But Cortázar places his story within this metaphysical framework with clear subversive intentions. In the first place, and as we have already seen, the mans eventual conversion into an Other-being yields almost no understanding at all; his being an axolotl does not allow him to comprehend the axolotls: "Yo era un axolotl y sabía instantáneamente que ninguna comprensión era posible." Indeed, as the man passes to the other side, he continues "pensando como antes, saber." In other words, what this man comes "to know" through his actual experience as an axolotl is that all thinking, all understanding, all expression ("son incapaces de expresión , the man-turned-axolotl says of axolotls) all knowledge except knowledge of the fact that the axolotls cannot be known pertain to this side, the side of the man-observer, of the Same, of non-experience. Previously I suggested that "Axolotl" is narrated from two perspectives, that of the axolotl and that of the man. Now, however, we see that the tale can only include one eye-view, one vision: the mans. For even as the man-observer passes over to the Others place of being/seeing, his descriptions and discourse necessarily remain those of the Same: "si pienso como un hombre es sólo porque todo axolotl piensa como un hombre." He can only "comprehend" or "see" his new being (even his new way of seeing) via the "outside," discursive structures of the old one, structures that cannot reach the axolotls. In "Axolotl," in short, there are Others (axolotls), but no Other perspectives, no alternative discourses. The axolotl can speak (he or it appears to be narrating the story, after all), but not as an axolotl. Or to put this in different terms, in the story the locus of enunciation and the enunciation itself, being and expression, ser y pensar (the only activity that the axolotls perform, in fact, is to think: "lo único que hago es pensar" ) are radically unhinged.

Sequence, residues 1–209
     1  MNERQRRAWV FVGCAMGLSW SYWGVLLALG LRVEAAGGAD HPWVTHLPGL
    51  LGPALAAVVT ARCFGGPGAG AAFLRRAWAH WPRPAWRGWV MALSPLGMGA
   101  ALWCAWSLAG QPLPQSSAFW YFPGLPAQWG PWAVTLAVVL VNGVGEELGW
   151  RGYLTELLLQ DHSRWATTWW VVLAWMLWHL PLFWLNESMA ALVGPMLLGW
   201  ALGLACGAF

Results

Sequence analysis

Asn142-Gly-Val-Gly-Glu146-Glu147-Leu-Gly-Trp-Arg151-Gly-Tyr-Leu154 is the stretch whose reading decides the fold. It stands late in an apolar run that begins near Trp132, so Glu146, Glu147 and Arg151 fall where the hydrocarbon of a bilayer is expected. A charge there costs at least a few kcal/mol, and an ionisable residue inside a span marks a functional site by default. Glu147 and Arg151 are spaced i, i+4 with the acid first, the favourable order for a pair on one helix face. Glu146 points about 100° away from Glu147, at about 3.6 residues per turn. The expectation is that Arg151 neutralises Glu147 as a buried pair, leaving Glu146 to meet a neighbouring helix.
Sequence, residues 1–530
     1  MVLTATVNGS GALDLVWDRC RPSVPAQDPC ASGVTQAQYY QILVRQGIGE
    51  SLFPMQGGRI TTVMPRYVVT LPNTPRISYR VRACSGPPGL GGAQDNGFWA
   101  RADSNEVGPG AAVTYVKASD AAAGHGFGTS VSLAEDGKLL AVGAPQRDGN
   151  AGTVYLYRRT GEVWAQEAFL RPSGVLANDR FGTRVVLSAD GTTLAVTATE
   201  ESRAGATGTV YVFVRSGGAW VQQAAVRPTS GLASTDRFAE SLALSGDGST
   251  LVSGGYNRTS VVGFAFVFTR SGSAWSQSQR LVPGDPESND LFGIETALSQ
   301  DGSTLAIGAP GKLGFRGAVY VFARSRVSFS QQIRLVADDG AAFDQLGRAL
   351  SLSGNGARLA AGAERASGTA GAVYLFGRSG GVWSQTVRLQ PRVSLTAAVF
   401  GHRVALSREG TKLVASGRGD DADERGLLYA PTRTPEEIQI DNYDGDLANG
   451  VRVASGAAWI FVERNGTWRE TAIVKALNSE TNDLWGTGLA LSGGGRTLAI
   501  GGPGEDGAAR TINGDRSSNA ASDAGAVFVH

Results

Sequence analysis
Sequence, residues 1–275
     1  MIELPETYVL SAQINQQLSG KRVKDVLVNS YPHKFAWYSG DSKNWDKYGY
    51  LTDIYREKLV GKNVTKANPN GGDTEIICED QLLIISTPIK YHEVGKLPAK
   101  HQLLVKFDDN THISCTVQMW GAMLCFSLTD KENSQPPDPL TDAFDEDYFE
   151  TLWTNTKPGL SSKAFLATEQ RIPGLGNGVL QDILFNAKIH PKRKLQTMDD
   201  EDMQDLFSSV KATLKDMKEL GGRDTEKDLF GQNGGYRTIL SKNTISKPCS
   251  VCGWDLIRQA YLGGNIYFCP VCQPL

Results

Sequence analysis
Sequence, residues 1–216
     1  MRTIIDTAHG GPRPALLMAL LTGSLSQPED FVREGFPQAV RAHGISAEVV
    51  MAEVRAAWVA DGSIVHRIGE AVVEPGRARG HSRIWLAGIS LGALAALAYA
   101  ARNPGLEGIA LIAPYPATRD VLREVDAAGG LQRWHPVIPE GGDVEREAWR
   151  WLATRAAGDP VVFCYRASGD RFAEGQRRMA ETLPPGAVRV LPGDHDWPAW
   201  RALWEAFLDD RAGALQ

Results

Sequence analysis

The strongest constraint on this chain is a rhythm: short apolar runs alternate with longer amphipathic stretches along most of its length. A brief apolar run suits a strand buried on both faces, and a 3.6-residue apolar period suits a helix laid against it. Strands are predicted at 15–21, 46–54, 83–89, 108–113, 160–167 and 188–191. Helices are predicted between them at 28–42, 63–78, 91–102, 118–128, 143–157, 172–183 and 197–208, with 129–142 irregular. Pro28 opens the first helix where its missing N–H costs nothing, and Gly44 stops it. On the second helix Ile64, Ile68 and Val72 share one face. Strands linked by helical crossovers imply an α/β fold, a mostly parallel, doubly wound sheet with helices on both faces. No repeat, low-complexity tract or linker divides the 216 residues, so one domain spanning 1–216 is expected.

Cortázar presents us, therefore, with an is, a presence ("Now I am an axolotl") that is Other than every possible form of re-presence or perception. For I cannot overemphasize the fact that, even though the axolotls as such cannot be represented or "known" via any discourse (neither by the mans nor by those of the axolotls themselves), they are not absences; nor are they exclusions or silences in any strict sense. On the contrary, as signaled by the mans repeated references to both the piercing, inescapable stare of the axolotls (axolotls cannot close their eyes for they have no eyelids), and to the pain that this stare inflicts upon him, the axolotls are affective, irreducible presences. They also possess a kind of "voice" since their uncanny being places a powerful demand ("Sálvanos, sálvanos") upon the observer; and a demand, a call, is a form of "speech." But the main proplem of the tale concerns neither speech nor presence but, as mentioned, represence, repetition or, to put this another way, semiotics. Why semiotics? Because in semiotic theory since Saussure, a signifier or a sign attaches itself to a signified through repetition. C-A-T refers to a certain furry, domestic animal not for any essential or phenomenological reason (hence Saussures notion of the arbitrariness of the sign"), but because people of a given culture once repeatedly affiliated this signifier (or one like it) with said furry creature, and because a cultural convention formed through these iterations. Yet the "axolotl" cannot be re-presented or repeated by such a semiotic system; in the story, as we have seen, all semiotic constructs pertain to the mans side, which is unrelated to, and hence cannot relay the axolotl side. Thus the axolotl resists integration not only into every semiotics, but into every tradition. (We recall that the word "axolotl" belongs to French, this linguistic tradition, but has not been "translated" into "traditional" French patterns; we recall also that the narrator chooses not to translate "axolotl" into Spanish, as if the word as such, with the "x" -, could not be integrated into that idiom.) Indeed, a being that cannot be repeated, that is singular, "untranslatable," cannot be properly assimilated into a community since communities are groups that share certain conventions (a sharing which makes communication, community, possible); and conventions, like semiotic systems, come about through repetition, representation. A pure sign, the axolotls, therefore, are as they are: axolotls, an unassimilated signifier. All of which means that in "Axolotl," the a-X-olotl itself, the X literally marks the spot, the sheer, non-conceptual presence of the Other.